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Preparing a New Generation of Educators for California Initiative

The CSU Preparing a New Generation of Educators for California Initiative is a bold effort, designed to transform the recruitment, selection, and preparation process so that future elementary and secondary teachers are given the inspiration, support, and resources necessary to become models of excellence and expertise in their fields.

The promise of the Initiative’s success is in its vision, which is a particularly important one because of its timing. California’s adoption of the new Common Core State Standards (CCSS) and Next Generation Science Standards (NGSS) is rapidly leading to fundamental changes in curriculum and instruction in K-12 schools. New methods of assessment are also being designed to help measure student attainment of these new standards. The Preparing a New Generation Initiative not only prepares educators to implement these major curriculum changes, but it also prepares them to be leaders in sustaining high student achievement.

Thirteen campuses will serve as pilot and demonstration sites, testing and sharing implementation strategies and outcomes data with each other and the rest of the system. The intent is to advance teacher preparation for the new standards across the CSU and throughout California. CSU campuses at Channel Islands, Fresno, Fullerton, Long Beach, Northridge, San Luis Obispo, and Stanislaus, as well as the systemwide CalStateTEACH program, will implement comprehensive reform using innovative strategies designed to strengthen the recruitment, content preparation, and clinical experiences of future K-12 teachers.  CSU campuses at Bakersfield, Chico, East Bay, Sacramento, and San Jose will implement targeted reform, designed to more closely focus attention on transforming specific program components to develop enriching teacher preparation for the future.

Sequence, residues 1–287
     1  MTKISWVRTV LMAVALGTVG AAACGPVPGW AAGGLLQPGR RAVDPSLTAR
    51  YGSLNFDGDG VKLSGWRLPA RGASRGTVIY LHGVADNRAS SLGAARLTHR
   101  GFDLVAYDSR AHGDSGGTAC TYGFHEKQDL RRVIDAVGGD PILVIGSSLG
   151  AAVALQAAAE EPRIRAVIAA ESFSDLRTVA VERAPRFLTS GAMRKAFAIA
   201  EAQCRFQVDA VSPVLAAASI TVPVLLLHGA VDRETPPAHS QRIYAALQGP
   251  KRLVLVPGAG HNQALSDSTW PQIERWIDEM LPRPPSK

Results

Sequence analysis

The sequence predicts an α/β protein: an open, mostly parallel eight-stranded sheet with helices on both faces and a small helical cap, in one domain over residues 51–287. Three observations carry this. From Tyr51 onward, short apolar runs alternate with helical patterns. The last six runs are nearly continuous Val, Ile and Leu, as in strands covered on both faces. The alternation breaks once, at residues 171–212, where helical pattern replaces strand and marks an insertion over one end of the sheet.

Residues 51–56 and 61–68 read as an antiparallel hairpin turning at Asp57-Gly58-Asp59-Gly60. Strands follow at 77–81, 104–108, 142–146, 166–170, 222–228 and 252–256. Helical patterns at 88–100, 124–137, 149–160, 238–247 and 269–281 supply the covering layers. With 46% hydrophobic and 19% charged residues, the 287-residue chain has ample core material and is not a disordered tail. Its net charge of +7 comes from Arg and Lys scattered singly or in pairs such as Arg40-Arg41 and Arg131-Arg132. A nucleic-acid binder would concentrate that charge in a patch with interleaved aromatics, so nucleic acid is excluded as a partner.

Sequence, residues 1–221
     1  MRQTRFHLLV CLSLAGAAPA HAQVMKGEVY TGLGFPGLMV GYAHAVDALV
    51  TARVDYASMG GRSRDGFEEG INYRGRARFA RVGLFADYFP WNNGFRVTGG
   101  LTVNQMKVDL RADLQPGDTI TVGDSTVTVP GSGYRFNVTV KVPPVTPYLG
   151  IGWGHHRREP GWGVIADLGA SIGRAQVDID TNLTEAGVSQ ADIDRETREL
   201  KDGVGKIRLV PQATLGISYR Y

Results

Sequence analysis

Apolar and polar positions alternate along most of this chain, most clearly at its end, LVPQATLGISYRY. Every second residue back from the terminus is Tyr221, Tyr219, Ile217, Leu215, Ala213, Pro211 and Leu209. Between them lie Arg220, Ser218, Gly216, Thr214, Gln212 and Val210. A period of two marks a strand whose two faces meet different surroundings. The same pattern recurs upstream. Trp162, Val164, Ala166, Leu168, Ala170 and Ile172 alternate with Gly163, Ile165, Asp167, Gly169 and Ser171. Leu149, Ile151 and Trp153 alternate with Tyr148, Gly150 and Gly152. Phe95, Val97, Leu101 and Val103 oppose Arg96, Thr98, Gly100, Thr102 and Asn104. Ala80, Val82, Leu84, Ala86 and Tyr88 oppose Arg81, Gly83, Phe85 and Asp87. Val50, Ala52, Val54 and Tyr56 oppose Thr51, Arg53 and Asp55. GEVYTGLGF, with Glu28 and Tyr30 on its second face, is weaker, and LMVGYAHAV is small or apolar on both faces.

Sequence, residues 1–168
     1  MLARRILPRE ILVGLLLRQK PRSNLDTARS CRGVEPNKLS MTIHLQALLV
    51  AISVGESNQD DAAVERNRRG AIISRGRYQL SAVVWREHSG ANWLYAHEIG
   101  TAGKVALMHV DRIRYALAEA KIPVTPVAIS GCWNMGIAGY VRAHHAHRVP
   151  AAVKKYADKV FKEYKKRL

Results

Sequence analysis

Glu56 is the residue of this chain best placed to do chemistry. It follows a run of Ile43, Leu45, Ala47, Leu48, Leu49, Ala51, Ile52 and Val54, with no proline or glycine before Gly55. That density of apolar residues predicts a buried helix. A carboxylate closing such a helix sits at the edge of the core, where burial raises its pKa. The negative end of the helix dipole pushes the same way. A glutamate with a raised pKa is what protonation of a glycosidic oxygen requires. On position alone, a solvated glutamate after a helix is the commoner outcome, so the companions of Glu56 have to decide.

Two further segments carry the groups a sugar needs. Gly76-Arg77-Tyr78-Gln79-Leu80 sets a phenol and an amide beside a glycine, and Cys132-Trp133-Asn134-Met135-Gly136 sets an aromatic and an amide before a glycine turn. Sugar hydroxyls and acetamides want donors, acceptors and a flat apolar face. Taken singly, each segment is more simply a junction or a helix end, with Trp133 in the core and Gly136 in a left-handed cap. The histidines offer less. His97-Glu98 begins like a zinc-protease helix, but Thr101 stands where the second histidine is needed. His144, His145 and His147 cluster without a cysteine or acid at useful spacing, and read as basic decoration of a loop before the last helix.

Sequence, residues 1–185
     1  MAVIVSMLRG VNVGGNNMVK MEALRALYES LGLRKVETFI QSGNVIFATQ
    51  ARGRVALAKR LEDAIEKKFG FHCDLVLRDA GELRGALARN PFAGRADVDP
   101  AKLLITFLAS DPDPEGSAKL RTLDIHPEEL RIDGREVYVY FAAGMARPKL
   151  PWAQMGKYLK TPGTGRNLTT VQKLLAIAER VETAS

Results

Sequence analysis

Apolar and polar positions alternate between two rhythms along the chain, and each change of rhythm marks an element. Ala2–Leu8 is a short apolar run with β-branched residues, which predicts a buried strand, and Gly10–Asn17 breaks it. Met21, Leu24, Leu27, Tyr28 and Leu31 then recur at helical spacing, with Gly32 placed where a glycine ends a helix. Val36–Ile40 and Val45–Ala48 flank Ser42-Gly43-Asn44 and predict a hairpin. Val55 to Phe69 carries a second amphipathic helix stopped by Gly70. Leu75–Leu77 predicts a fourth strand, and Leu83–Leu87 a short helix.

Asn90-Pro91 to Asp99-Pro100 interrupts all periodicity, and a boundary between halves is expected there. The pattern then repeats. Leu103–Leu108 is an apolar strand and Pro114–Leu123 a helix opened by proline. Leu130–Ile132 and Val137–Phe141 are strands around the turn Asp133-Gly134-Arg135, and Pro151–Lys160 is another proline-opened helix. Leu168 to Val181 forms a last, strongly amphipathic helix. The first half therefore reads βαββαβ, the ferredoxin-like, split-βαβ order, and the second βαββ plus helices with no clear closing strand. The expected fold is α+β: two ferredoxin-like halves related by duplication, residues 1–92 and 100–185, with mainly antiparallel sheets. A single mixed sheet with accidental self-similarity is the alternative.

“These programs are taking the lead in addressing California’s need for innovation in teacher preparation to address the new standards and prepare world-class teachers,” said Dr. Beverly Young, CSU Assistant Vice Chancellor for Academic Affairs. “Each has given serious thought about how to transform the whole pipeline–from early recruitment through becoming credentialed–so that each stage is designed to ensure rigorous preparation of every new teacher.”

 The Initiative emphasizes a vision for systemwide institutional change that can be sustained, investing in proven methods of professional development and fruitful learning communities for faculty and K-12 educators. These efforts will help to foster meaningful reforms that will make a monumental difference in education across California. The project has the strong support of CSU Chancellor Timothy P. White, the presidents of the 23 CSU campuses, the CSU Academic Senate, the Deans of Education, and faculty leaders across disciplines.

 With the S. D. Bechtel, Jr. Foundation as a committed partner in the endeavor, CSU can afford to be highly optimistic and ambitious in transforming the process of teacher preparation systemwide.

 “The S. D. Bechtel, Jr. Foundation is proud to support the work of the CSU New Generation of Educators initiative,” said Macy Parker, Program Officer for the project. “We believe that teacher preparation at the CSU is the best lever to advance the successful implementation of the Common Core and Next Generation Science Standards, and that the strategic work CSU will do in partnership with the K-12 districts that hire its teacher graduates will shape the future of teacher preparation in California – and the success of California students - for years to come.